Mai is looking forward to a fun California beach summer, the kind where she can one-up her frenemy and potentially get to know a cute boy a little better. All that is derailed when her parents drop the surprise bomb on her: Vietnam, grandmother, responsibility, yadda, yadda. Mai's grandmother wants to find the truth about what happened to her husband, and Mai, who hardly speaks the language and has never been to Vietnam before, must go along for help and support. As Mai meets new people and tries new customs, her perspective and purpose extend beyond the ordinary.
This is an unusual book, in that it took me a while to finish (it's a slow start), but it also stayed with me long after I read it.
There are some cracked and broken pieces here that don't quite fit together. The writing is missing the lyrical beauty of this author's Inside Out and Back Again, which, admittedly, is written in verse. Several of the characters seem inconsistent or even unnecessary, like the quirky translator, or the fact that Mai is sent to a new country with a frail grandmother while her father goes and works in another part of Vietnam. Her mother, who is a successful lawyer and stays in California, is shown to be more of a nagging irritation than a model career woman or connected parent. Mai's mother also has a word-a-day challenge for her daughter that seems very forced. The words aren’t really even that complex, so strong readers in the intended age category probably wouldn’t even identify some of them as tricky or notable, and the attention drawn to them is intrusive, rather than beneficial to the story. The love triangle, in which Mai refers to her crush as "Him," is pretty shallow, even though it's intended to be a foil for the things that matter most.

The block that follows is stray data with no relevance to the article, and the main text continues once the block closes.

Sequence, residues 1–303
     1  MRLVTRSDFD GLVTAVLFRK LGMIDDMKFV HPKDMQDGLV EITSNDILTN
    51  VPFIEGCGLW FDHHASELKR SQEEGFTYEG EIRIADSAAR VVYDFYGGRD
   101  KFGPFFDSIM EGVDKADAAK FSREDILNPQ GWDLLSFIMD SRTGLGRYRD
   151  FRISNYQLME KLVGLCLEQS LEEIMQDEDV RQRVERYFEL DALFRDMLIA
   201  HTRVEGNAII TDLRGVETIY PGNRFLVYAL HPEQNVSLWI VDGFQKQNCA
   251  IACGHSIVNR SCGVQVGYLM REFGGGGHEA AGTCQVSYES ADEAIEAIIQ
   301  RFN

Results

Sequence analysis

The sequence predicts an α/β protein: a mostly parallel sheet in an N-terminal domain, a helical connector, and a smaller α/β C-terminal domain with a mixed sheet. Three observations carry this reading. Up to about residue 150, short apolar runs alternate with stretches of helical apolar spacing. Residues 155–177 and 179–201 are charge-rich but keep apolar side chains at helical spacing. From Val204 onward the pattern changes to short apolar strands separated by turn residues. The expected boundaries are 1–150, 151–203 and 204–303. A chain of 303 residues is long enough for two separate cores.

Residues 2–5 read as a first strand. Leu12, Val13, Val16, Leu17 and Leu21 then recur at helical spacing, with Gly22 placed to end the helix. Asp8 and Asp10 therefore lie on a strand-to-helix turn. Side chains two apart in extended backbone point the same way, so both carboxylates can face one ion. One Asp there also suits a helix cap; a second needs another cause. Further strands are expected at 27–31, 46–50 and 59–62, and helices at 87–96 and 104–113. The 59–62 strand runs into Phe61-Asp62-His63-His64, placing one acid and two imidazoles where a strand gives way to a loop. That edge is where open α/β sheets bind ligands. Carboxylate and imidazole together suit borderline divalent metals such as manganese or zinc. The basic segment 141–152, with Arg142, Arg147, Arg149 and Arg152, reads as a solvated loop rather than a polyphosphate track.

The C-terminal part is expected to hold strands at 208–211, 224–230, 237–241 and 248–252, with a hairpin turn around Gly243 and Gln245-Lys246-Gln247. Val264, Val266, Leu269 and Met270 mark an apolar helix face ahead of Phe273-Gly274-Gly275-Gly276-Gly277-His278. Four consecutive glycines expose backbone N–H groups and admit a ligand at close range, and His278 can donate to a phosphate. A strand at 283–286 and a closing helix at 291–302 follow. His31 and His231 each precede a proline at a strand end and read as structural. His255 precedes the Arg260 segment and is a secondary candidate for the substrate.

What works for me about this book is Mai's transformation from spoiled American to contributing family member, who not only begins to fit in - she finally wants to fit in. North American readers can see modern-day Vietnam through Mai's eyes, and the discomfort she experiences - literally (no air conditioning, no privacy, so many mosquitoes) - and emotionally, is relatable. As part of her trip, I also enjoyed Mai's discovery of Vietnamese language and her struggle to understand and be understood. Mai’s relationship with her grandmother, or Ba, is drawn well, especially to show Mai’s preference for all things Californian shifting to a new appreciation for Vietnamese culture. Even Mai's petty concerns, while not admirable, are probably recognizably authentic, and the cross-cultural comparison between the scheming mean girl back home and the one among her new group of friends helps to illustrate the idea that some things aren't so different, no matter where you travel.
"I know that sounds desperate, but you try being banished to a swampy sauna and not succumb to a little superstition."
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